Foster self-made millionaires

Regarding The Sun's editorial, "The forgotten tax cut" (Dec. 10), I'm one of the 3 percent of rich Marylanders who you reference as being rewarded by a so-called tax cut. I'm first generation wealth builder who built my estate by hitting many singles over my lifetime. I'm not a Warren Buffett but I'm smart enough to invest heavily in Berkshire Hathaway. I'm always drawn to strength.

My life started in extreme poverty — no running water, outdoor bathroom, no central heat and no assets and so on. Baltimore poor people today are rich by my early living standards.


Perhaps you have to read "The Millionaire Next Door." I'm the poster child for the typical rich person referenced in this book. I drive a 1989 truck and my wife drives a 2004 Honda which is typical of this nation's millionaires.

I spend significant dollars on issues which I wish to fund. I have provided 529 accounts for my grandchildren. I pay for private schooling for my grands as I will not expose them to unionized teachers. These children will not be wards of your state looking for entitlement funding.

I created wealth by making correct decisions over my lifetime. I attended night school at Johns Hopkins University. By the way, I never saw a minority over my six years at Hopkins. During this timeframe, I worked for a farmer, paid all school expenses and board to Mom. I had no social life but that was my choice. My parents were poor and I was poor. But I refused to remain poor with the entitlement mentality that is so frequent today.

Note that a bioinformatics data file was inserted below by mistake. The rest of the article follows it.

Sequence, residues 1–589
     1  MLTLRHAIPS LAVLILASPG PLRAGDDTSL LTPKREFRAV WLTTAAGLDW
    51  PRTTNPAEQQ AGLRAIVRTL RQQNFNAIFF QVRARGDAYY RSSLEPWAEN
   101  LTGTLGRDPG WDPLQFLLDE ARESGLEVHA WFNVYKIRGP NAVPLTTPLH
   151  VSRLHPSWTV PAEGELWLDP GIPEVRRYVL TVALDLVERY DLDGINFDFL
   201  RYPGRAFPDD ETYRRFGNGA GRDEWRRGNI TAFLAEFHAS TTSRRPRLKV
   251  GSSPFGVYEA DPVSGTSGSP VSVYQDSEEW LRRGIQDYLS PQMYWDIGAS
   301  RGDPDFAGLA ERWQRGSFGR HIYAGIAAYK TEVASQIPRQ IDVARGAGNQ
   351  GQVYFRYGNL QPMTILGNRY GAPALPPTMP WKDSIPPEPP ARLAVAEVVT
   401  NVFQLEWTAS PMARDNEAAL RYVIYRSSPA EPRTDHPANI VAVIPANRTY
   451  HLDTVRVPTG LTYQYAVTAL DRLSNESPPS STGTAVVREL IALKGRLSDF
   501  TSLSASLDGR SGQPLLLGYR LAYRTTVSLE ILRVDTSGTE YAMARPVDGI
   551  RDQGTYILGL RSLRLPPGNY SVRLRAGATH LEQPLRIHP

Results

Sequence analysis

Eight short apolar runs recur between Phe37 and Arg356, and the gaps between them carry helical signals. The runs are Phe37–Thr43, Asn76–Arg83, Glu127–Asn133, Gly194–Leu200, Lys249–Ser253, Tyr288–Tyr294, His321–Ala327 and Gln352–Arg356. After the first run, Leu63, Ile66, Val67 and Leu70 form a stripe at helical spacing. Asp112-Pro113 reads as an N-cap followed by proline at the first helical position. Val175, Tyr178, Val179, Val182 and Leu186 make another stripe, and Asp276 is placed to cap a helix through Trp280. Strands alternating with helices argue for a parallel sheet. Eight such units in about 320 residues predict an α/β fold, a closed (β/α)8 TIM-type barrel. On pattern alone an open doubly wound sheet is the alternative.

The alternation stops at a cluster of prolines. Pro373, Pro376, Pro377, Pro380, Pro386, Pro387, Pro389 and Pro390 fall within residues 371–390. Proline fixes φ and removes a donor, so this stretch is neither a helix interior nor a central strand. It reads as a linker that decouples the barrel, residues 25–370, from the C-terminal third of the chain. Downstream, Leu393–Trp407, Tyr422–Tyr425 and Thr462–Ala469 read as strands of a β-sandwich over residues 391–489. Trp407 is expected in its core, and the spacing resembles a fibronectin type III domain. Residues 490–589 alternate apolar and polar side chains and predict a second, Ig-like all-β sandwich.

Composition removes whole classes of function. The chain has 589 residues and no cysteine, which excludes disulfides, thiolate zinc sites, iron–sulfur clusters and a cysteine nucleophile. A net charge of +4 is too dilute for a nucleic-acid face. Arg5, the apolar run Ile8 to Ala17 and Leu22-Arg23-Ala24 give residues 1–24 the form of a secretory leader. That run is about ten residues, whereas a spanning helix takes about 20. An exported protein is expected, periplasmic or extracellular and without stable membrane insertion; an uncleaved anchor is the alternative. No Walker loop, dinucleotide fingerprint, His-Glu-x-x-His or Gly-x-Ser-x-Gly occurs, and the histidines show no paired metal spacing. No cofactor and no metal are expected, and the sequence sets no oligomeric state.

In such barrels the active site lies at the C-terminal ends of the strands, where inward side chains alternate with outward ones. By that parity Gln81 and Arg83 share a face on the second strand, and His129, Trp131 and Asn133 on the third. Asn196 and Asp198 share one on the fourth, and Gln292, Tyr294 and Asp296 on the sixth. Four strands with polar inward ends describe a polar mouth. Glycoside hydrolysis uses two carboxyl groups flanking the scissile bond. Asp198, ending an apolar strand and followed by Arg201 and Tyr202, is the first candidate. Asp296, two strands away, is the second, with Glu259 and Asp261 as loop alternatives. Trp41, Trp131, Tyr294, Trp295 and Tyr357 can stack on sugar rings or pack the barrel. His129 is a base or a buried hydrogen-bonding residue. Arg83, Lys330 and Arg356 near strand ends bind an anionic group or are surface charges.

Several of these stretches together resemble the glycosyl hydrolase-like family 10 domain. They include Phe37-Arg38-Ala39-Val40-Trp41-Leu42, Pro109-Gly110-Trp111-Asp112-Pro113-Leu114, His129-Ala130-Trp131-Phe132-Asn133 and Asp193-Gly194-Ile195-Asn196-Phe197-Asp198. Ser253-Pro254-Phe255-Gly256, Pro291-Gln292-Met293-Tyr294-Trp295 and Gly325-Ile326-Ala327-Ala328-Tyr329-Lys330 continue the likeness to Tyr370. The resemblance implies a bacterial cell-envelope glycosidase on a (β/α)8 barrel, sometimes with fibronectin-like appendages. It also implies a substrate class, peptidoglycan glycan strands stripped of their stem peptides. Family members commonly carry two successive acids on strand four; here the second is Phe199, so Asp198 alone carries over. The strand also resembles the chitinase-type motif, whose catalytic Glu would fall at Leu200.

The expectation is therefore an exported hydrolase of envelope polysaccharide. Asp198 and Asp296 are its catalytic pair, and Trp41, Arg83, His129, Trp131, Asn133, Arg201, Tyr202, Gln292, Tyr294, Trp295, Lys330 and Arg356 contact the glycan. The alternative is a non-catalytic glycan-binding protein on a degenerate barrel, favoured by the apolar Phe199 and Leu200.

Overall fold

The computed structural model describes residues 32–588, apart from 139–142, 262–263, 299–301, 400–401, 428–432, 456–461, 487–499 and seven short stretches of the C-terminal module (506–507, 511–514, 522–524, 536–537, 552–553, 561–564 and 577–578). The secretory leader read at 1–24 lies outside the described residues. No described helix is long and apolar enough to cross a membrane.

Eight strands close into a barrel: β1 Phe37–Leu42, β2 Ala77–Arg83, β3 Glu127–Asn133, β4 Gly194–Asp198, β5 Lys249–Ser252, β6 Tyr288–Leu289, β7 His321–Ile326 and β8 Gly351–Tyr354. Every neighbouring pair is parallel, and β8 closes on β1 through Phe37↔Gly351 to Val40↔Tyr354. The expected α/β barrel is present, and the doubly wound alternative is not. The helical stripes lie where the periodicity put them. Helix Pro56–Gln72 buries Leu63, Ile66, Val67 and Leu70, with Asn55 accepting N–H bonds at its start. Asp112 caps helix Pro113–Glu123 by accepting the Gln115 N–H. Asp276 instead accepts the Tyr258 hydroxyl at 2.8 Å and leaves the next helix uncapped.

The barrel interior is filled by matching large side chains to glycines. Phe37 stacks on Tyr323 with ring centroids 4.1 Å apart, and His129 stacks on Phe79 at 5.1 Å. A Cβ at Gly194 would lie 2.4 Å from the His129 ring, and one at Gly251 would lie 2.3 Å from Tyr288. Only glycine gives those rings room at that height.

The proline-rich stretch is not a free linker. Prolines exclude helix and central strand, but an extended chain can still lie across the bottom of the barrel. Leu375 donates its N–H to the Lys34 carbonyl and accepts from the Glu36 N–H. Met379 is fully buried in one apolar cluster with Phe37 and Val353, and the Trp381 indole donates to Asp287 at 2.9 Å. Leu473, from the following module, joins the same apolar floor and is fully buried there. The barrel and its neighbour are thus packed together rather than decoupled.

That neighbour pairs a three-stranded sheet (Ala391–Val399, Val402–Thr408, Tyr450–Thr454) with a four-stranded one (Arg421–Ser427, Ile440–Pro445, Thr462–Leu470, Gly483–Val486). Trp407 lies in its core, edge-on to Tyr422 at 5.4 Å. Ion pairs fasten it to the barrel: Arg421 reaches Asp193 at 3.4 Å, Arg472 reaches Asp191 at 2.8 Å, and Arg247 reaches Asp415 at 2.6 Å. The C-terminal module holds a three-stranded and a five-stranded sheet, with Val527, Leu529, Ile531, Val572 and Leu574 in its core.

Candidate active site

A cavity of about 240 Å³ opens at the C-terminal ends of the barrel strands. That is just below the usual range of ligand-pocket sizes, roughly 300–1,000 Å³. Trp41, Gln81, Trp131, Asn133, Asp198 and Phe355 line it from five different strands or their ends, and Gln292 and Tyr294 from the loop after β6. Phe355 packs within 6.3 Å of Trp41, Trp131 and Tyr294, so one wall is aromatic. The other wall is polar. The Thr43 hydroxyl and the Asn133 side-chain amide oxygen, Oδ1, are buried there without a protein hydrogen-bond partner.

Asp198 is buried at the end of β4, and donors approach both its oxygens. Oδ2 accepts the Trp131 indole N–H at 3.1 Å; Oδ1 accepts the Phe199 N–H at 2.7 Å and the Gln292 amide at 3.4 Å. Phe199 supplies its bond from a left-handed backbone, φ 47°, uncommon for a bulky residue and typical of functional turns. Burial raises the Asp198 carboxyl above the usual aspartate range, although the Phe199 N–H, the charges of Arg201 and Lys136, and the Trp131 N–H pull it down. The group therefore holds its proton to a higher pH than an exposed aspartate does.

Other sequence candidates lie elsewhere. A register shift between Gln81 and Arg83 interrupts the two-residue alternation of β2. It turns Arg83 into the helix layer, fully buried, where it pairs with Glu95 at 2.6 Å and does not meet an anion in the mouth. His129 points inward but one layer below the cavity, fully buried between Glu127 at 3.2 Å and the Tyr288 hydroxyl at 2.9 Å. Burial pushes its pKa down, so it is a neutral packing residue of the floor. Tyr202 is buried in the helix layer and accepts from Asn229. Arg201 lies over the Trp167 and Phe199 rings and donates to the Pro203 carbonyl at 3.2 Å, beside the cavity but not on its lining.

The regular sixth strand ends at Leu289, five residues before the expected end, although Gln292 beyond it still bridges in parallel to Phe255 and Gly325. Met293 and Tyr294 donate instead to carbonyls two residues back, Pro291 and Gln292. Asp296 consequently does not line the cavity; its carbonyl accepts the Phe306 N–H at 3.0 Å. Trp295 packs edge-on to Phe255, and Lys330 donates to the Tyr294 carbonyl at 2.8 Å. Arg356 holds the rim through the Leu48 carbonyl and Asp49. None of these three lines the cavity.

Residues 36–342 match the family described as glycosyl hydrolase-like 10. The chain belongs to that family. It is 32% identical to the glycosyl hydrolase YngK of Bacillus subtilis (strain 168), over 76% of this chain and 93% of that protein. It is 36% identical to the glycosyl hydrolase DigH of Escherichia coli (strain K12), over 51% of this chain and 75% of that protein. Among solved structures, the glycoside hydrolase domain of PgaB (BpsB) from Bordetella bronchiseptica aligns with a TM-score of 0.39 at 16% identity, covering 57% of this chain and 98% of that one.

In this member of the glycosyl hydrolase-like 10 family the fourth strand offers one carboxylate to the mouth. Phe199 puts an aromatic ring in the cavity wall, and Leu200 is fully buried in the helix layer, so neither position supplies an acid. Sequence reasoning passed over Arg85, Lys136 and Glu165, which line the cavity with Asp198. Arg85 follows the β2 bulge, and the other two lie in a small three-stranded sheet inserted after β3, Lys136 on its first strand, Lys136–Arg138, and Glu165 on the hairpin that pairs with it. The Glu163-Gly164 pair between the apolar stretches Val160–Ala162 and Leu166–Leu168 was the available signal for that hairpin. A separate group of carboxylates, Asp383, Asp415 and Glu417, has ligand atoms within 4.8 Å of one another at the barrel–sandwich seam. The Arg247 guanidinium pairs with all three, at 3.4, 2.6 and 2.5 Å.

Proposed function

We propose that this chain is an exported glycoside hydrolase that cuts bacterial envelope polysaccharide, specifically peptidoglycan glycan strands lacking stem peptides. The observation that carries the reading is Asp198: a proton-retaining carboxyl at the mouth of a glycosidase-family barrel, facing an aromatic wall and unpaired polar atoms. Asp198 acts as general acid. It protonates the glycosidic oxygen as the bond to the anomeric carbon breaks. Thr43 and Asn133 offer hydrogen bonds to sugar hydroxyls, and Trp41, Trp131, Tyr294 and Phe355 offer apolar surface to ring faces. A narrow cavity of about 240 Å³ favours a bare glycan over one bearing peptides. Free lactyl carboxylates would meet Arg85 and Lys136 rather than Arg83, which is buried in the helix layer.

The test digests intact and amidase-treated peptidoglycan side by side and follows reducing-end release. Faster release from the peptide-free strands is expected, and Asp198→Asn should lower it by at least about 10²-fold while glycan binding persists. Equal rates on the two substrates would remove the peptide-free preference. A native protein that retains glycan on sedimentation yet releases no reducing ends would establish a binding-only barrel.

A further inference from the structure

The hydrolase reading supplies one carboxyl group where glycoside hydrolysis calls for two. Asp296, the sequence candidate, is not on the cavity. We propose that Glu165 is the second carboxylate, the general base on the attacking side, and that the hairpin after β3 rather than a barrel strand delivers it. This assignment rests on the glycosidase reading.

I created lifelong wealth beyond my expectation and I know how to maintain and grow my wealth. Now you suggest that my lifelong successes should be given to folks who made and continue to make poor choices. Not going to happen in my case. Florida is the sanctuary for my wealth.

By the way, my trickledown Florida tax-free money will be passed to the private religious school that my guys attend. So at the end of my days, I will assist taxpayers by lowering tax dollars spent on education. Big difference is that I trust the leaders of the school to spend my money wisely. To the extent practical, I refuse to fund politicians.

You folks really perform a disservice to poor people by suggesting that I and other successful people are evil and greedy. Rather, you should encourage them to make good choices as I did. You reinforce their victim culture suggesting the "lunacy" of the federal estate tax is the fault of Congress. Yikes, you're suggesting that The Sun's editorial board is more insightful than the U.S. Congress. Gee, I'd like to buy you lunch as I'm always drawn to superior thinkers and successful people.

Promise me that you'll read "The Millionaire Next Door" and "Rich Dad, Poor Dad."

Geoff Fuller